Until then, anytime you’re looking for an interesting fact about shit Black folks have done that you didn’t know Black folks do, DO YOUR GOOGLES. The internet is FREEEEE!



*hey! Do you live in California? Check out Em’s workshit. And then maybe think about voting for it. Maybe. If you’re into that kinda thing.

Have you guys seen this making the rounds?

Of course you have. Because that tiny lady in blue is 106 years old.
And for Black History Month, Virginia McLaurin was invited to the White House to meet our first
(and probably only in my lifetime at least) Black President and his equally Black First Lady.
Whew. So much progress in one picture.

I mean… Ms. Virginia was born in 1909
As a child growing up in the South, she said she didn’t imagine that there could ever be a world where white and black people were integrated.
“This was white and this was black. There were so many things we weren’t allowed to do, we were raised up like that,” she said.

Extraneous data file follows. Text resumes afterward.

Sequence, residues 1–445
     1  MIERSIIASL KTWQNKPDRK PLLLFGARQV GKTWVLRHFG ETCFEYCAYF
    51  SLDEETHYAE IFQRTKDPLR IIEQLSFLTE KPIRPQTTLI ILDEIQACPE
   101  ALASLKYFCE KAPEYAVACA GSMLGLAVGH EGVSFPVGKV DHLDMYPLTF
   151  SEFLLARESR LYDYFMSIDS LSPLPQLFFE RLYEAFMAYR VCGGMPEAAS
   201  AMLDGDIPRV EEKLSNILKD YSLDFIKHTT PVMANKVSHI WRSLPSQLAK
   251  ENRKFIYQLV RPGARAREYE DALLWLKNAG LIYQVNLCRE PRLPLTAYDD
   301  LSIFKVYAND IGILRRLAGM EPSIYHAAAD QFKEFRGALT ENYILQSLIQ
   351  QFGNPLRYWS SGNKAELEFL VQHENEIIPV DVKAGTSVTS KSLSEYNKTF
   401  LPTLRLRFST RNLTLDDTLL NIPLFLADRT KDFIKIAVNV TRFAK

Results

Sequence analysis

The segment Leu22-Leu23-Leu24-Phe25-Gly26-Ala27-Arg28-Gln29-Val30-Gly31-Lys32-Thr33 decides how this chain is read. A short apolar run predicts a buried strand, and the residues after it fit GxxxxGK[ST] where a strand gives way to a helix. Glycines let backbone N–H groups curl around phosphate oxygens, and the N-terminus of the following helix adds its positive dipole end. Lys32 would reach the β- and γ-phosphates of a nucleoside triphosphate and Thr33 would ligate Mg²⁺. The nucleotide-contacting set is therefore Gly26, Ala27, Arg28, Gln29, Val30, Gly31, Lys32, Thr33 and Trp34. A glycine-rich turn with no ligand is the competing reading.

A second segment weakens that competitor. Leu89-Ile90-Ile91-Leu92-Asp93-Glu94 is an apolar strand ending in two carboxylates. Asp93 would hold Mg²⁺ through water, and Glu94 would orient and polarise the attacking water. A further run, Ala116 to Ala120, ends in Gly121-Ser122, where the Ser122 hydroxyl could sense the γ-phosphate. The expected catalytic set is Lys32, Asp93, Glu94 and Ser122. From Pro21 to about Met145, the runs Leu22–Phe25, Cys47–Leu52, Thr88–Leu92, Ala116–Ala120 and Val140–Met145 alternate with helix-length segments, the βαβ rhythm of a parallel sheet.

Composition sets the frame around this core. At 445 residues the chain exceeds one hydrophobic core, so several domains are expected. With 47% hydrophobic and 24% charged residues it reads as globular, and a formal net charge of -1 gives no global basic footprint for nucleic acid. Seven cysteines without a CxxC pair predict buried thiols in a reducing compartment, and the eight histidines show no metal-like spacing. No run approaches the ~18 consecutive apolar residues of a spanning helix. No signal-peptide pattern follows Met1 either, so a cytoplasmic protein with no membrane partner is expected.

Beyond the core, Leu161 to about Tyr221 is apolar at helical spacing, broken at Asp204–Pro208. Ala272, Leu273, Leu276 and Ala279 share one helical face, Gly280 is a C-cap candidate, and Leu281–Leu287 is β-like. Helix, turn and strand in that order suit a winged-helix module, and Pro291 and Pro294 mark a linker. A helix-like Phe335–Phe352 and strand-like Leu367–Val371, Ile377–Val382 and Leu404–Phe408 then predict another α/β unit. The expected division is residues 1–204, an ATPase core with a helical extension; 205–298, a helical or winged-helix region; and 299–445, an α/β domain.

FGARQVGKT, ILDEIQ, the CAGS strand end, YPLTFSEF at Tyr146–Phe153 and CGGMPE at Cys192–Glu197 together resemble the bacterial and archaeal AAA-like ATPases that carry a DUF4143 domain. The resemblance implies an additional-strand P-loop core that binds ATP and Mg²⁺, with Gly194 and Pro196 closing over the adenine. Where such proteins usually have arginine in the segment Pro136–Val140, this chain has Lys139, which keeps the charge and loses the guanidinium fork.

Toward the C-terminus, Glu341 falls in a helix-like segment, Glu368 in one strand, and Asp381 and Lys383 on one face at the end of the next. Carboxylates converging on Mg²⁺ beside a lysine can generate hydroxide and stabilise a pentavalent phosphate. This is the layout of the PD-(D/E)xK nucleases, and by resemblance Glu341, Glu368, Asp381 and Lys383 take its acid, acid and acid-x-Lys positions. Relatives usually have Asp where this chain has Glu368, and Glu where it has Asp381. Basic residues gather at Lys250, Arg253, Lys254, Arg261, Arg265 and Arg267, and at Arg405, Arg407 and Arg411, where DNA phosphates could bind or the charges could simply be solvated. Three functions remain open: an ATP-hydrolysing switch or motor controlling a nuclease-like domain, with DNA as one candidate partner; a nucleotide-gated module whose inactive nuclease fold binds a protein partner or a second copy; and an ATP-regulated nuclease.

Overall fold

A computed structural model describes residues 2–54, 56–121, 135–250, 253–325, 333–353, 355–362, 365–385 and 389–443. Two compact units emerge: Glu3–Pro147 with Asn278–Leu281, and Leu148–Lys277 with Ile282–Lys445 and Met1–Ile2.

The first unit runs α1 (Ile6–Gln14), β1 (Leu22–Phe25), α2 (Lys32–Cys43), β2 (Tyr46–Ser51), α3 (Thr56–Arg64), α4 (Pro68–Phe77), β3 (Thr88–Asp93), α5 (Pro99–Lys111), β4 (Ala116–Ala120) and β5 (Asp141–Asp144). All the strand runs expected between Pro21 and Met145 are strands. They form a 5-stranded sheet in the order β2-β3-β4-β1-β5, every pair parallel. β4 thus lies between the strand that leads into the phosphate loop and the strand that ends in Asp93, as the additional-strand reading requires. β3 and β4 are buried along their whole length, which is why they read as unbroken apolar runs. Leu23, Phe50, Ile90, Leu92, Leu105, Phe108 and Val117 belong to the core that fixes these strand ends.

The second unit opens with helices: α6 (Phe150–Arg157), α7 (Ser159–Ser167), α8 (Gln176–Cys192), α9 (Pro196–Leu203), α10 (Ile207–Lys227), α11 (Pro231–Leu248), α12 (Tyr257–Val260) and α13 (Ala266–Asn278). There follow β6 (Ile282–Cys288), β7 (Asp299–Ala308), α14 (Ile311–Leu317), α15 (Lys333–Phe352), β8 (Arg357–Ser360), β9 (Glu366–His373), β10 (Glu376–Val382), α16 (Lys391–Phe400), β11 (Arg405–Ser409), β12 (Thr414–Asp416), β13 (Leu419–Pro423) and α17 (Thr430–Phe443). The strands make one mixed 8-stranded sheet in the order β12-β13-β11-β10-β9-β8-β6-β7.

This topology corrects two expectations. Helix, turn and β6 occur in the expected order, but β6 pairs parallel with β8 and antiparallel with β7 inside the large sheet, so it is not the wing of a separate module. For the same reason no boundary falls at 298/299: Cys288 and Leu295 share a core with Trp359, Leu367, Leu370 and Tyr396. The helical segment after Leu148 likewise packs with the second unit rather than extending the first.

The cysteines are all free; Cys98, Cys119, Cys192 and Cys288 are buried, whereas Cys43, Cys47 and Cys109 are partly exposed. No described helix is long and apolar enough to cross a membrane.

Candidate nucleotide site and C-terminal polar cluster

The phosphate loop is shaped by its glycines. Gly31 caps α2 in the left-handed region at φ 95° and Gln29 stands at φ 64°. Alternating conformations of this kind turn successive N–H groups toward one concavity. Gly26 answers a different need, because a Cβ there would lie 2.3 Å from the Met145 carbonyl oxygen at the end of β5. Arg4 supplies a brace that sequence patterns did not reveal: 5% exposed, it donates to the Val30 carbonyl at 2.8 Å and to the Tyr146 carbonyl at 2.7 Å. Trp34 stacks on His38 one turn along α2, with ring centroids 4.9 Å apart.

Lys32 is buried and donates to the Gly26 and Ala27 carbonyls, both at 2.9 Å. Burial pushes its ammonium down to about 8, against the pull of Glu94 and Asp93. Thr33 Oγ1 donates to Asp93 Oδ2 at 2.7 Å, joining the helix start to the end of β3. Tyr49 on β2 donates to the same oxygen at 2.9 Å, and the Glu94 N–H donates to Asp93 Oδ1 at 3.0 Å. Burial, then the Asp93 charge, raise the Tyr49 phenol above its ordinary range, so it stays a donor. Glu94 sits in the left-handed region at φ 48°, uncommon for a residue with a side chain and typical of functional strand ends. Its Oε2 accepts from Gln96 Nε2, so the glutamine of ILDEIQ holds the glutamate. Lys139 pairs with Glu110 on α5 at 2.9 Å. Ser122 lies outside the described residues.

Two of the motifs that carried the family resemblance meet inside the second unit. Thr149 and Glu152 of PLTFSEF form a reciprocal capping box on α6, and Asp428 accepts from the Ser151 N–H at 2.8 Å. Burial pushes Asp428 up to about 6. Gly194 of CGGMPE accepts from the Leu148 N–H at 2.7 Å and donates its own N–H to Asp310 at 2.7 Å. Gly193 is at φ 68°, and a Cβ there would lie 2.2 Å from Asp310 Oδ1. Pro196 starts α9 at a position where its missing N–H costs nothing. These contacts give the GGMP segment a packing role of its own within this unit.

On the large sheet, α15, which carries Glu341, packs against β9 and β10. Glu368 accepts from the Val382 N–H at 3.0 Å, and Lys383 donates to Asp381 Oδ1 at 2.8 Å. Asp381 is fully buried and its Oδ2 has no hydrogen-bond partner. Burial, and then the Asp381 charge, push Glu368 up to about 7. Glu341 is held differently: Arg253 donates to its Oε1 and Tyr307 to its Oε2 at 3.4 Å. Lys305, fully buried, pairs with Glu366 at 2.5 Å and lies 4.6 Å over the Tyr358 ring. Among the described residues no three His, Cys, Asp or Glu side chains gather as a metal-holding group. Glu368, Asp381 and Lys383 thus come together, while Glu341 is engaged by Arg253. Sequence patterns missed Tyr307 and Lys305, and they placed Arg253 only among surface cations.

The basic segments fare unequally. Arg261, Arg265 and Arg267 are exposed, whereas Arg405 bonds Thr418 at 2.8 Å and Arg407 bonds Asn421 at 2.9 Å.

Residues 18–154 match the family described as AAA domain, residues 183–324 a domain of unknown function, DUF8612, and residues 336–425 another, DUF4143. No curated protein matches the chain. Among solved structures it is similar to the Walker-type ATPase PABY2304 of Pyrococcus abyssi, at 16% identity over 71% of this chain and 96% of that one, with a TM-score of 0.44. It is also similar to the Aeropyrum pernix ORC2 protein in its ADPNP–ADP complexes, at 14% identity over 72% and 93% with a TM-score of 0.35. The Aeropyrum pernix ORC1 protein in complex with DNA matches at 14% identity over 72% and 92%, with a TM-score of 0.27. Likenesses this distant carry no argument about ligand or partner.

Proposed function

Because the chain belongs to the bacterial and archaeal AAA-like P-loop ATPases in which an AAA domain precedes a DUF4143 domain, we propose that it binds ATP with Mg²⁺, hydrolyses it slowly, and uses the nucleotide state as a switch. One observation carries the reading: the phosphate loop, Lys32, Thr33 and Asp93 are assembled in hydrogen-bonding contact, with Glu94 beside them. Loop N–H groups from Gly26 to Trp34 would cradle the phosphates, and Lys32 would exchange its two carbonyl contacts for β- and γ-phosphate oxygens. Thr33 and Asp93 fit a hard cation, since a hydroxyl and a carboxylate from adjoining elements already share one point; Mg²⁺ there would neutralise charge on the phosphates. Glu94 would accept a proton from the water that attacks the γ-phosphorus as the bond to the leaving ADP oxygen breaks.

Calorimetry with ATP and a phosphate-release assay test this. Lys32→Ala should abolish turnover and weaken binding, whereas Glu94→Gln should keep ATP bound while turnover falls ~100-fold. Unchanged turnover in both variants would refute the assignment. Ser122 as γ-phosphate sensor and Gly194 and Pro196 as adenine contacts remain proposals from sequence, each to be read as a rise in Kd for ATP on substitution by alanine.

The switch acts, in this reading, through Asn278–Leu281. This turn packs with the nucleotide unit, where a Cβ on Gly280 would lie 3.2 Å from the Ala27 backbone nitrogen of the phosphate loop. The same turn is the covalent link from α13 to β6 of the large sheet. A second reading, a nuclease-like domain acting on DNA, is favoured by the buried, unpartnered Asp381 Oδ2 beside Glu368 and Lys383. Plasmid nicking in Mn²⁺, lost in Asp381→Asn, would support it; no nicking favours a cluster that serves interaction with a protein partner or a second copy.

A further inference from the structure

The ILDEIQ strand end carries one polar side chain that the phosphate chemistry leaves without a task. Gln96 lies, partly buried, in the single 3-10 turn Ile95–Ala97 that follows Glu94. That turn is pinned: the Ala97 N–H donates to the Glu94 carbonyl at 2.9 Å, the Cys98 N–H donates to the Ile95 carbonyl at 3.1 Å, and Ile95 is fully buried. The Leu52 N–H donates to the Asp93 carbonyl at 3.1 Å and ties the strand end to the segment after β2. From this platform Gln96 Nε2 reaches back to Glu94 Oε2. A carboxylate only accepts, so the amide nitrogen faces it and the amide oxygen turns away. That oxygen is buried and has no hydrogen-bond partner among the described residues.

“I felt like it would always be that way.”

Hmm. If I were the kind of person who provided commentary, I would comment that there are people who are fighting like hell RIGHT NOW to return to the “Bad Old Days”
But. I’m not. I’m just here to provide Black History Facts.

Which. That wasn’t. The actual BHFOTD is about Booker Taliaferro Washington.
Taliaferro, huh? I had no idea.

Booker T. was the first African American to be invited to the White House for dinner.
In the autumn of 1901, Booker T. Washington was on a speaking tour.
In Mississippi, he received a telegram from President Theodore Roosevelt.

The telegram asked Washington to come to the capitol for a conference.
When Washington arrived, he received an invitation to dine with the President.
According to Roosevelt biographer, Edmund Morris (author of The Rise of Theodore Roosevelt),
the dinner proceeded “behind closed doors, under the disapproving gaze of a negro butler”.
[Whatever, Uncle Ruckus]

The next day, the Memphis-Scimitar reported: The most damnable outrage which has ever been perpetrated by a citizen of the United States was committed by the President,
when he invited a nigger to dine with him at the White House…

AND THEN. A U.S. Senator from South Carolina proposed a retaliatory measure:
“The action of President Roosevelt in entertaining that nigger will necessitate our killing a thousand niggers in the South before they will reach their place again.”

[Thinks about prison pipeline, and cops unnecessarily killing black people at a higher rate than any other race]